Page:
USGS Logo Geological Survey Bulletin 1271—E
Pecos National Monument New Mexico: Its Geologic Setting


The sedimentary rock layers of Glorieta Mesa slope gently south from the Sangre de Cristo Mountains. The slope is so gentle at some places that it cannot be discerned with the eye. North from the mesa and Pecos National Monument, the slopes of the sedimentary layers become steeper and steeper toward the central crystalline core of the high mountains.

Along the south end of the Sangre de Cristos, there are no large faults (fractures along which rocks have moved) or steep folds in the rocks, except near the west and east margins of the mountains—near Canoncito and Bernal. Also, there are neither volcanic lava flows on the surface nor similar rocks formed by the injection of molten rock material into the sedimentary rocks below the surface. These rocks derived from molten material are typical of the Sangre de Cristo Mountains and surrounding regions elsewhere in northern New Mexico and southern Colorado. In spite of the cataclysmic mountain building that took place just a few miles north of Glorieta Mesa and Pecos National Monument about 30-50 million years ago, there are no features to show the effects of the volcanoes and earthquakes that must have accompanied or followed the uplift of the mountains—instead, the sedimentary rock layers are just tilted gently, almost imperceptibly, away from the uplifted mountain area.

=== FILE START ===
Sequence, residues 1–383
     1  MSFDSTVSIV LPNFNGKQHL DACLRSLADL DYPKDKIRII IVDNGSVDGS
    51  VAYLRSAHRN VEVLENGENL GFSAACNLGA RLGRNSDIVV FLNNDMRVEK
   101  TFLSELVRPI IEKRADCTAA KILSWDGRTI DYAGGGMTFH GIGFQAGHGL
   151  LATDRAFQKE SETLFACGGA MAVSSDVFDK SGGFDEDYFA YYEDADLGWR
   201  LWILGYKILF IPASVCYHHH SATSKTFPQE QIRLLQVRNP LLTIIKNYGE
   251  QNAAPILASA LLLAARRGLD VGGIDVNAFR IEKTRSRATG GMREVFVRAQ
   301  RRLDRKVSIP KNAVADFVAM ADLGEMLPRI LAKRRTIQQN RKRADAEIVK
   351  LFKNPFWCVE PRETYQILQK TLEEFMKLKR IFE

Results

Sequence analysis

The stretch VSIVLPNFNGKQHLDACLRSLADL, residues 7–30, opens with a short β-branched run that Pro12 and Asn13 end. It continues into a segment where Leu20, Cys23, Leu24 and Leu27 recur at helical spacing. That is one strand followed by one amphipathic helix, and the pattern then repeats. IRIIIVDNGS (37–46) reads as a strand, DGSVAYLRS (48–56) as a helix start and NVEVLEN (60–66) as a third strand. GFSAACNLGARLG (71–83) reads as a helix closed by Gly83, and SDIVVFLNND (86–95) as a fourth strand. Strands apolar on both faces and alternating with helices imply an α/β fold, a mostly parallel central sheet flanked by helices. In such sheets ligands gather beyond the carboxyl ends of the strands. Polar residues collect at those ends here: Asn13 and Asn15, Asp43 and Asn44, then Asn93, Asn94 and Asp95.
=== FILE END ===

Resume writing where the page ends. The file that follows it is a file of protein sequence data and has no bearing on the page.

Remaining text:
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Last Updated: 28-Mar-2006